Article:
The tax incentive is intended to encourage increased R&D spending, hence the name of the form – “Credit for Increased Research Activities”. The underlying concept is focused on increasing research activity, but also on increasing R&D relative to its size.
As you gain a better understanding of how the form works, it will help you identify customers who may have significant R&D credit. The first main objective is line 16, which adds lines 1, 4 and 14.
Line 1 corresponds to amounts paid or committed to energy consortia. The instructions here caution to enter these amounts only here and note that the scope is primarily for payments to Section 501(c)(3) organizations that conduct energy research.
Line 4 focuses on amounts paid for basic research to qualified research organizations on the qualified organization’s base period amount for the previous 3 years (Section 41(e)). The focus here is on payments to a qualified university or research organization.
R&D customer support usually focuses on internal research, so lines 1 and 4 will often not be an issue. Line 14 is usually the primary focus.
R&D initially calculated in rows 5-8 focuses on: salaries, supplies, rental or computer rental costs plus an applicable percentage of contract research costs. Computer rental or rental charges apply to computers off the taxpayer’s premises. Contract research costs do not provide as much benefit as eligible in-house research costs.
Salaries cannot include compensation used to calculate work opportunity credit. The focus here is on payments such as workers receiving assistance, some veterans, ex-criminals, others. (See “Work Opportunity Tax Credit,” irs.gov). The independents are not left out; see the definition of “salary” as possibly including self-employment earnings (s. 41(b)(2)(D)(ii)).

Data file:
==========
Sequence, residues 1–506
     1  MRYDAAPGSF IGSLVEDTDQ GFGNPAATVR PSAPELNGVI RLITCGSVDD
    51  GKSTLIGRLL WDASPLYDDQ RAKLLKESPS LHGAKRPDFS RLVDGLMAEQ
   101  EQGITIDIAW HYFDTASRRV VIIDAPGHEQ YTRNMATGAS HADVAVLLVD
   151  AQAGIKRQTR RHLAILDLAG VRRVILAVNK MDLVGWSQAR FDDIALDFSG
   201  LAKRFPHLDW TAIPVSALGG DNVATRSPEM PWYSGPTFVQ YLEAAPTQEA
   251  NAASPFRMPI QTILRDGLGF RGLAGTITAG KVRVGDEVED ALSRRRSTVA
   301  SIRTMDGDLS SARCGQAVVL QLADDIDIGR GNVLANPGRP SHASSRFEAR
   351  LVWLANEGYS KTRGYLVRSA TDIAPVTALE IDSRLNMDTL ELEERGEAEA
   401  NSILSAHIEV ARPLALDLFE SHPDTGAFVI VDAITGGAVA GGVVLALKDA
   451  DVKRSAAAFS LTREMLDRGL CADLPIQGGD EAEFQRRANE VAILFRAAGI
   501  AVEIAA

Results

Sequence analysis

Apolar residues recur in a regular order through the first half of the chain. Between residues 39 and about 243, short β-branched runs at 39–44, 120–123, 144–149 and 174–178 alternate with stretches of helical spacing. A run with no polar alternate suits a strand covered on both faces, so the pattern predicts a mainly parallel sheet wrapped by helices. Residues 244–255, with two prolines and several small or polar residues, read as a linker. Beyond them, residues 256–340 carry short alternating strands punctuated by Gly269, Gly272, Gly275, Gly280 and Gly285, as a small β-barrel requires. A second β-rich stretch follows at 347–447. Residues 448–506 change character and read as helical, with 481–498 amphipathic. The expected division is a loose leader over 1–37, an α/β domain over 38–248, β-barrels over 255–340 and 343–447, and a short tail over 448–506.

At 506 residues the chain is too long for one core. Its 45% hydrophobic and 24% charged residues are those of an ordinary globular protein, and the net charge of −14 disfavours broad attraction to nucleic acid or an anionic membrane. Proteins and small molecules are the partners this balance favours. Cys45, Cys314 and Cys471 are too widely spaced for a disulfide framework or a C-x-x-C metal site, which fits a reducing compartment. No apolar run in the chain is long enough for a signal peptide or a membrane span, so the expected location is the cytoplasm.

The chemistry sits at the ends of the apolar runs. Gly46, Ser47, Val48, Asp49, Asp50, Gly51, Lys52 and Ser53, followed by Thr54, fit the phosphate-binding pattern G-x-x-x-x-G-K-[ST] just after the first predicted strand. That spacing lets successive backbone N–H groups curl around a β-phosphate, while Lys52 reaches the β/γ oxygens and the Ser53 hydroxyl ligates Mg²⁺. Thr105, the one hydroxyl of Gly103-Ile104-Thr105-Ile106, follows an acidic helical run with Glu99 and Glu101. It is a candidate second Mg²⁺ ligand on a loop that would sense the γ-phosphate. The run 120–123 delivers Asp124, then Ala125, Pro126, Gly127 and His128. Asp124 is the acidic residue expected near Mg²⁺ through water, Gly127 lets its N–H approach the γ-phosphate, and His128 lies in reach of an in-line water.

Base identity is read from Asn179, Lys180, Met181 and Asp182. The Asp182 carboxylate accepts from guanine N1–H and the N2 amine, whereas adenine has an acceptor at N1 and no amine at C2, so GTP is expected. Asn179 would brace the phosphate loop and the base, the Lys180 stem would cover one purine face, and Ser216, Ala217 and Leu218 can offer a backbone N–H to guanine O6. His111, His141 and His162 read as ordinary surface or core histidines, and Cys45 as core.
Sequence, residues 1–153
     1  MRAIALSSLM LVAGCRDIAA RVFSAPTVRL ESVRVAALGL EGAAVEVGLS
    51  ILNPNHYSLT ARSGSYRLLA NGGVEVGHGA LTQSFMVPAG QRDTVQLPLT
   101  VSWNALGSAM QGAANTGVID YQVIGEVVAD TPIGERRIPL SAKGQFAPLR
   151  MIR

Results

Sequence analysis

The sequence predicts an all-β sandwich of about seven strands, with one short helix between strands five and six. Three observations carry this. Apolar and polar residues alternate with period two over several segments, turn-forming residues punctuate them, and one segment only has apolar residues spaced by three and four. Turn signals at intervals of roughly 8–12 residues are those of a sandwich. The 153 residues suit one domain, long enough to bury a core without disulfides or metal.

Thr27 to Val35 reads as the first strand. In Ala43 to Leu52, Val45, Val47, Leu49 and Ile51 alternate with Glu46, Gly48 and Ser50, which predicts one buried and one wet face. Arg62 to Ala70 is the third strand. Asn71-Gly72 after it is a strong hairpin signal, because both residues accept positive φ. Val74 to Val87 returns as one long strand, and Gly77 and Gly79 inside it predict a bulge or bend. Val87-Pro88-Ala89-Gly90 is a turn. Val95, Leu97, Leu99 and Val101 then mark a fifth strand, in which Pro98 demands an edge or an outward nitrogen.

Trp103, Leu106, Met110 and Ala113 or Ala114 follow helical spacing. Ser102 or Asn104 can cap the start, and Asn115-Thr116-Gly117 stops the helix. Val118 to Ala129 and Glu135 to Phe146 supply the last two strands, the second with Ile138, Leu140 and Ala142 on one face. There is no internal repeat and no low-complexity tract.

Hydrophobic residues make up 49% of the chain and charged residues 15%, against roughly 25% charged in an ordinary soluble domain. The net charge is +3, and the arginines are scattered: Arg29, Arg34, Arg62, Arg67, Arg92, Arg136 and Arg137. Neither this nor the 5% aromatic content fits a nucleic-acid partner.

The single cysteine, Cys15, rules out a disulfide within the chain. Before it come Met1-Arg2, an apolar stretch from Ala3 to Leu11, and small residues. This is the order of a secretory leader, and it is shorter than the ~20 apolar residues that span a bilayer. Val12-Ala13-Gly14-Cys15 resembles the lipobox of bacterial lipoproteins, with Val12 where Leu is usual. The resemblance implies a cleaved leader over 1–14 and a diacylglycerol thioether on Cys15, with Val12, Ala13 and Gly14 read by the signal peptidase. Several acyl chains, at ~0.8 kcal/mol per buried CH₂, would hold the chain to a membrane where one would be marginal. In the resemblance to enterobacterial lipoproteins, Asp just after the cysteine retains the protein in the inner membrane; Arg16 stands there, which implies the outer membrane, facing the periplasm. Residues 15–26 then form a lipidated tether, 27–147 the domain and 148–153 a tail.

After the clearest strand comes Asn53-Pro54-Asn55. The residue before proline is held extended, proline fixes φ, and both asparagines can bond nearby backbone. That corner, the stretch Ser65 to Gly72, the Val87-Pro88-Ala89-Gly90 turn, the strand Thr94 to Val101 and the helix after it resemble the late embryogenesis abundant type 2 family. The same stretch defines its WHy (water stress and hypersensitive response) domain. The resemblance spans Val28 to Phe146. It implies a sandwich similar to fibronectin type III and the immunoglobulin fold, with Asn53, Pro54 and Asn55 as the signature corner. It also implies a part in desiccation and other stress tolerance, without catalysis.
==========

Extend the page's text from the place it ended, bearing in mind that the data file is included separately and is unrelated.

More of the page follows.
Contract research typically accounts for 65% of contract payments to outside groups; that is, research that is not “internal”. (See “Auditing Technical Guide: Credit for Increased Research Activities (i.e. Research Tax Credit) IRC Section 41* – Qualified Research Expenses.” IRS.gov, June 2005).
Contract payments to non-internal researchers may be eligible up to 65%, but less than internal costs. The 65% may be 75% in the case of a research consortium (see Sec. 41(b)(3)). At this point, the tax professional will have quantified the total qualified research expenses, line 9.
Line 10 asks for a fixed base percentage, not exceeding 16%. (See generally Regs. 1.41-3, and form instructions for line 10). The instructions here distinguish a non-start-up (an “existing business”) telling that business to divide the aggregate qualified research expenses for the years beginning after 1983 and before 1989 by the aggregate gross revenue for those years. A start-up is defined as a company with less than three tax years beginning after 1983 and before 1989, or having gross receipts and eligible research expenses for the first time beginning after 1983.